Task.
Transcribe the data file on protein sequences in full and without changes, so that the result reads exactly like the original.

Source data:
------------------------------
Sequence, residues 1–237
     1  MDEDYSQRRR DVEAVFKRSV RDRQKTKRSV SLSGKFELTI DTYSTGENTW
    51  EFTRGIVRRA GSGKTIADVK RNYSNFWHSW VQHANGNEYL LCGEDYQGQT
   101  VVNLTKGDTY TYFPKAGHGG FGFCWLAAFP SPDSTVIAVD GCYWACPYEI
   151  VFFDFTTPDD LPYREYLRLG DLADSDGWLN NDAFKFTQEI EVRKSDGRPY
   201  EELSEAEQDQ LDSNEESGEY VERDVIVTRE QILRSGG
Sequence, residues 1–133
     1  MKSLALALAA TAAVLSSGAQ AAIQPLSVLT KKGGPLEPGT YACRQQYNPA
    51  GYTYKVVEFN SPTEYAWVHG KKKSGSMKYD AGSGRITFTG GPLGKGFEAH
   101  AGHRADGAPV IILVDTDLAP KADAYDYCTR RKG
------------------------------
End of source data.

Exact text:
Sequence, residues 1–237
     1  MDEDYSQRRR DVEAVFKRSV RDRQKTKRSV SLSGKFELTI DTYSTGENTW
    51  EFTRGIVRRA GSGKTIADVK RNYSNFWHSW VQHANGNEYL LCGEDYQGQT
   101  VVNLTKGDTY TYFPKAGHGG FGFCWLAAFP SPDSTVIAVD GCYWACPYEI
   151  VFFDFTTPDD LPYREYLRLG DLADSDGWLN NDAFKFTQEI EVRKSDGRPY
   201  EELSEAEQDQ LDSNEESGEY VERDVIVTRE QILRSGG
Sequence, residues 1–133
     1  MKSLALALAA TAAVLSSGAQ AAIQPLSVLT KKGGPLEPGT YACRQQYNPA
    51  GYTYKVVEFN SPTEYAWVHG KKKSGSMKYD AGSGRITFTG GPLGKGFEAH
   101  AGHRADGAPV IILVDTDLAP KADAYDYCTR RKG